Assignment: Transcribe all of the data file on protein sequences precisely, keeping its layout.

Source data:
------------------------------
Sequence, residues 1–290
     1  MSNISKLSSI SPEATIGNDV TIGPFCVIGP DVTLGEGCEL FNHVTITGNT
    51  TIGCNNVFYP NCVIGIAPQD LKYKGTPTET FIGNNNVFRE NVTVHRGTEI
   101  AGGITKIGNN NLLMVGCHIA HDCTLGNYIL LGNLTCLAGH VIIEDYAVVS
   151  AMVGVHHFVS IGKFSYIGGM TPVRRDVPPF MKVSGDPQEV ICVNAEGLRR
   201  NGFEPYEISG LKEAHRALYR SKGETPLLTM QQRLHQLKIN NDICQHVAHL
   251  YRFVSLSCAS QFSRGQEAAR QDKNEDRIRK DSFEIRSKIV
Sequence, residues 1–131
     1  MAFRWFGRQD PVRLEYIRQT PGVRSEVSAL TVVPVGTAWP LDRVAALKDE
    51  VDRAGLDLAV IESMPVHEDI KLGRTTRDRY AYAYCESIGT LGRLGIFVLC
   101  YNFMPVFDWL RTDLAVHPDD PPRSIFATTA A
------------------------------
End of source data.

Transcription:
Sequence, residues 1–290
     1  MSNISKLSSI SPEATIGNDV TIGPFCVIGP DVTLGEGCEL FNHVTITGNT
    51  TIGCNNVFYP NCVIGIAPQD LKYKGTPTET FIGNNNVFRE NVTVHRGTEI
   101  AGGITKIGNN NLLMVGCHIA HDCTLGNYIL LGNLTCLAGH VIIEDYAVVS
   151  AMVGVHHFVS IGKFSYIGGM TPVRRDVPPF MKVSGDPQEV ICVNAEGLRR
   201  NGFEPYEISG LKEAHRALYR SKGETPLLTM QQRLHQLKIN NDICQHVAHL
   251  YRFVSLSCAS QFSRGQEAAR QDKNEDRIRK DSFEIRSKIV
Sequence, residues 1–131
     1  MAFRWFGRQD PVRLEYIRQT PGVRSEVSAL TVVPVGTAWP LDRVAALKDE
    51  VDRAGLDLAV IESMPVHEDI KLGRTTRDRY AYAYCESIGT LGRLGIFVLC
   101  YNFMPVFDWL RTDLAVHPDD PPRSIFATTA A